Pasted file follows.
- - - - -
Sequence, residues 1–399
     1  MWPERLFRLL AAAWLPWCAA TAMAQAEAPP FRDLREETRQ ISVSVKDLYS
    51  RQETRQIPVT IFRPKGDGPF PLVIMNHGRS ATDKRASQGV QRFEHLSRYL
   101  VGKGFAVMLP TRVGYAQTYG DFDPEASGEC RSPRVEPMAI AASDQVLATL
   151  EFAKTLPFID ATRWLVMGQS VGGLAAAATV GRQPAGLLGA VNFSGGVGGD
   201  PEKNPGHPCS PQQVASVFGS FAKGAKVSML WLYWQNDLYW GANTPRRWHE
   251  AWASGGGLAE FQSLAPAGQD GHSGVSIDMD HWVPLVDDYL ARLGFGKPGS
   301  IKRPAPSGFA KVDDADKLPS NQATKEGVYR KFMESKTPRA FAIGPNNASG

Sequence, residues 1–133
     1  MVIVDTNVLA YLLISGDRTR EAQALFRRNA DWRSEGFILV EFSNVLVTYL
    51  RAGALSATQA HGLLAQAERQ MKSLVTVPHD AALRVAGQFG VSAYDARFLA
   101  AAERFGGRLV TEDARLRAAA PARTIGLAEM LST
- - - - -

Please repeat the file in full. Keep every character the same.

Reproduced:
Sequence, residues 1–399
     1  MWPERLFRLL AAAWLPWCAA TAMAQAEAPP FRDLREETRQ ISVSVKDLYS
    51  RQETRQIPVT IFRPKGDGPF PLVIMNHGRS ATDKRASQGV QRFEHLSRYL
   101  VGKGFAVMLP TRVGYAQTYG DFDPEASGEC RSPRVEPMAI AASDQVLATL
   151  EFAKTLPFID ATRWLVMGQS VGGLAAAATV GRQPAGLLGA VNFSGGVGGD
   201  PEKNPGHPCS PQQVASVFGS FAKGAKVSML WLYWQNDLYW GANTPRRWHE
   251  AWASGGGLAE FQSLAPAGQD GHSGVSIDMD HWVPLVDDYL ARLGFGKPGS
   301  IKRPAPSGFA KVDDADKLPS NQATKEGVYR KFMESKTPRA FAIGPNNASG

Sequence, residues 1–133
     1  MVIVDTNVLA YLLISGDRTR EAQALFRRNA DWRSEGFILV EFSNVLVTYL
    51  RAGALSATQA HGLLAQAERQ MKSLVTVPHD AALRVAGQFG VSAYDARFLA
   101  AAERFGGRLV TEDARLRAAA PARTIGLAEM LST